Michael Gray, CPA's Tax and Business Insight

December 1, 2023

© 2023 by Michael C. Gray

ISSN 1539-395X

A monthly report to help you prepare for your financial future, keep more of what you earn by minimizing your taxes, and build an extraordinary business!

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Janet's dolls are dressed for the holidays
Janet's dolls are dressed for the holidays

Happy Holidays!

This year, Hanukkah begins the evening of December 7. Of course, Christmas Day will be Monday, December 25. "God Bless us, every one!"

Michael Gray won't be available starting December 1, returning December 18.

Dawn Siemer won't be available starting December 14, returning January 2.

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'Tis the season for year-end planning.

There is less than a month remaining for 2023. Make your year-end planning appointment now. Thi Nguyen, CPA will have limited availability. To make an appointment with her, write to her at thi@atl-cpa.com.

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Fourth quarter calendar year corporate estimated tax payment is due December 15.

The final 2023 estimated tax payment for calendar-year corporations is due December 15, 2023. Not all corporations can base their federal estimated tax payments on the previous year's income tax return. For example, new corporations and corporations that had no tax liability for the previous year must compute their estimated tax using the current year's facts. See your tax advisor for assistance.

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Fourth quarter estimated tax payment for non-corporate taxpayers is due January 16.

The final 2023 estimated tax payment for individuals and calendar-year estates and trusts is due January 16, 2024. (Martin Luther King's birthday is celebrated on January 15.) Remember California taxpayers with taxable income of $1 million or more must pay their estimated taxes using the current year's facts.

Consider making the California or state payment by December 31, 2023 for a 2023 tax deduction. Watch the alternative minimum tax. Also, remember the total tax deduction for state income tax payments and real estate tax is limited to $10,000 and the standard deduction has been increased to $27,700 for married filing joint and $13,850 for singles and married filing separate returns.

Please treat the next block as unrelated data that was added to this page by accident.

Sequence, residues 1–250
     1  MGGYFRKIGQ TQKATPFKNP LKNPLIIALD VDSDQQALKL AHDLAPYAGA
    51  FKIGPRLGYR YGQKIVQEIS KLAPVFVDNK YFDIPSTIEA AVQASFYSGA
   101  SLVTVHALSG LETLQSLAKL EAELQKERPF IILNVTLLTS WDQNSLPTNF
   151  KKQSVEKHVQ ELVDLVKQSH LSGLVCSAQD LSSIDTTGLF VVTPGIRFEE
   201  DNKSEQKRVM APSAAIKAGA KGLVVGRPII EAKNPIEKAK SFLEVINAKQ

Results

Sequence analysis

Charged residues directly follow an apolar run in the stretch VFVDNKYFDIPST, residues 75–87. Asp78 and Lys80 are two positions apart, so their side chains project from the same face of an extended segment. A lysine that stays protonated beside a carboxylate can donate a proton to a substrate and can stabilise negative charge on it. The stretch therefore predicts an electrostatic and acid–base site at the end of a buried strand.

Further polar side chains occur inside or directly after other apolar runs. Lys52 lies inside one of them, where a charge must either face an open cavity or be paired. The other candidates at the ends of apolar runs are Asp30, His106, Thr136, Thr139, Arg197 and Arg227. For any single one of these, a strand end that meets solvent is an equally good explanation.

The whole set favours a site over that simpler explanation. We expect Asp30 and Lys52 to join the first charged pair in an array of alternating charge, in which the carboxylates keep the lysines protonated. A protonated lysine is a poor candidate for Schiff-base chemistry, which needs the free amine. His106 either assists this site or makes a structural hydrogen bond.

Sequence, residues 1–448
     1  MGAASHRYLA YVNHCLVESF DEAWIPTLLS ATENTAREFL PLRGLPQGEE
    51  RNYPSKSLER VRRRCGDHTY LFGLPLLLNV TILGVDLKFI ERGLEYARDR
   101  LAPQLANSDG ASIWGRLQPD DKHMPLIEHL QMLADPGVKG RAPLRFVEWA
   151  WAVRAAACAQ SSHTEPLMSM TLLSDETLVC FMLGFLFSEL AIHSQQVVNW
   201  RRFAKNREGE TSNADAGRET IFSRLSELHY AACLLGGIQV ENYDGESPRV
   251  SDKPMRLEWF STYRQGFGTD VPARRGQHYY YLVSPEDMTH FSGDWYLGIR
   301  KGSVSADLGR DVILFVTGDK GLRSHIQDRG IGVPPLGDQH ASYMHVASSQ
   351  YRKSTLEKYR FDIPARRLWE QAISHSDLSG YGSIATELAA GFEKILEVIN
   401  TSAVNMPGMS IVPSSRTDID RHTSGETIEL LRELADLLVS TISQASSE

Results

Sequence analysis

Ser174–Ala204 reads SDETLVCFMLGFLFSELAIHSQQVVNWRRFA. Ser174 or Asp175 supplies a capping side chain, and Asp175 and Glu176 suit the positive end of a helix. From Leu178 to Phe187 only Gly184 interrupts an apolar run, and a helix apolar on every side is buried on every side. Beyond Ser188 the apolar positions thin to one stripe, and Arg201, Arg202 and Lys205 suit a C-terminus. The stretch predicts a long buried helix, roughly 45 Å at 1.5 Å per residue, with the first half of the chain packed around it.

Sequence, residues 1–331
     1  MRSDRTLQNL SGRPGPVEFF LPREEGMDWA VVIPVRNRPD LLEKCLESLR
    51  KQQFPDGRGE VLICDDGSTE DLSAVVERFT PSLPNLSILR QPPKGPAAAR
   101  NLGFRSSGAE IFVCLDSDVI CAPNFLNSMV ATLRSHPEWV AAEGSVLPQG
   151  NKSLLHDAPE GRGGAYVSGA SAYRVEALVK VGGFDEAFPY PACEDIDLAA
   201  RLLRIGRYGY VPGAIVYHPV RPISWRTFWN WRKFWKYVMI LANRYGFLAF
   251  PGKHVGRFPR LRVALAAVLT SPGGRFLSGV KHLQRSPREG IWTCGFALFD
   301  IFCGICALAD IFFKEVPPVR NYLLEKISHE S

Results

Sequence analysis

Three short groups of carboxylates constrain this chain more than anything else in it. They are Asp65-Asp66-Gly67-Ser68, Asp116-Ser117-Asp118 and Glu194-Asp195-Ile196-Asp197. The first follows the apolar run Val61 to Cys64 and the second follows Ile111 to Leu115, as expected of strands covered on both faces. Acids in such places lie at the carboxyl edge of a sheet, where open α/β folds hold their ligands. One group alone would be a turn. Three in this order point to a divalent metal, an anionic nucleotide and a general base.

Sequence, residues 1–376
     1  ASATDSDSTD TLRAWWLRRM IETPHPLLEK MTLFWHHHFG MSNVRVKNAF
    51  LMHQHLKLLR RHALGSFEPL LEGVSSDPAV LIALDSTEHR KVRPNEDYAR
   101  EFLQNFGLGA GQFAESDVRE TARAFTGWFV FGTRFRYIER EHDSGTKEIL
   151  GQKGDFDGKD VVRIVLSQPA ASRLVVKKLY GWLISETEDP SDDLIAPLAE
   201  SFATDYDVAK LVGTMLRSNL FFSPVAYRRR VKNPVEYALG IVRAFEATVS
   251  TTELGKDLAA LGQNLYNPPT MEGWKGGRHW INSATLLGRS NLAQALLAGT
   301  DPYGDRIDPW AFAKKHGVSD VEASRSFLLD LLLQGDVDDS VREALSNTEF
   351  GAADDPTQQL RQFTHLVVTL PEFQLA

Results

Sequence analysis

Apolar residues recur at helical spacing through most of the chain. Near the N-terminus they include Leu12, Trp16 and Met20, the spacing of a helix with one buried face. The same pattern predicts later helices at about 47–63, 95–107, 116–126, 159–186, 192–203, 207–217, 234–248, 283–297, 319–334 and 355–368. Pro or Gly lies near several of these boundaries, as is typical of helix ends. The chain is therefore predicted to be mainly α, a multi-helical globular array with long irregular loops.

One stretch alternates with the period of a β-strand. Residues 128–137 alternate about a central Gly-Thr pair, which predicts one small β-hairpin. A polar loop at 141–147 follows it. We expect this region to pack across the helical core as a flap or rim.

See your tax advisor.

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IRS announces inflation adjustments.

The IRS has released its annual list of inflation adjustment for various tax-related items. The Unified Credit equivalent for estate and gift tax for 2024 will be $13,610,000. The 2024 annual exclusion for gift tax is $18,000 per taxpayer ($17,000 for 2023), per donee. Taxpayers must report aggregate gifts received from foreign persons exceeding $19,570. The annual exemption for gifts to a non-citizen spouse is $185,000. (Note the unlimited marital exemption doesn't apply to gifts to non-resident spouses.)

(Revenue Procedure 2023-34.)

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First property tax payment is due.

The first property tax payment for the 2022-2023 fiscal year in Santa Clara County is due December 11. Avoid a late payment penalty - mail your payment now!

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Exchange of variable prepaid forward contracts was taxable.

In 2007, Andrew McKelvey, founder of Monster Worldwide, Inc., entered into a variable prepaid forward contract (VPFC) for the sale of Monster shares. The IRS had ruled in Revenue Ruling 2003-7 that such contracts weren't taxable until the future delivery of the underlying property.

During 2008, before the original settlement dates, McKelvey exchanged the original contracts plus $11 million for an amended set of contracts with settlement dates in 2010. McKelvey treated the new contracts as extensions for the original contracts, and didn't report any gain or loss for the transaction.

On remand from the Eighth Circuit Court of Appeals, the Tax Court ruled that the exchange closed the first set of VPFCs, resulting in a taxable short-term capital gain of $71,668,034.

(Estate of McKelvey v Commissioner, 161 T.C. No. 9 (2023).)

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Calendar year accrual basis corporations should pay related parties by December 31.

In order to currently deduct expenses due to certain related persons, accrual-basis corporations must pay them by the year-end. These include wages, bonuses, interest expense, rent, etc. Be sure to review the status of these items with your tax advisor by December 31.

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Reliance on a CPA didn't satisfy return filing requirement.

Wayne Lee is a Florida surgeon. Kevin Walsh, Lee's CPA, prepared Lee's income tax returns for 2014 - 2016. Lee reviewed the returns and signed and returned Form 8879, IRS e-file Signature Authorization, to Walsh.

Walsh didn't efile the returns, claiming his software couldn't handle it for Lee's complex tax returns.

Walsh didn't receive IRS letters requesting the tax returns because the IRS didn't have Lee's correct address. According to Lee, Walsh agreed to notify the IRS of his change of address, but never did so.

The tax returns were actually submitted for 2014 - 2016 during December 2018.

The IRS assessed late filing penalties plus interest.

Lee said that the penalties should be waived based on his reasonable reliance on Walsh to efile the returns.

The Eleventh Circuit, citing Boyle v. U.S., 469 U.S. 241 (Supreme Court, 1985), ruled that taxpayers have a non-delegable duty to file their income tax returns on time, and upheld the late filing penalties.

(I imagine Lee will have a large malpractice claim against Walsh.)

(Lee v. U.S., 11th Circuit Court of Appeals No. 22-10793, October 24, 2023.)

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Bankrupt S corporation can't revoke its S election.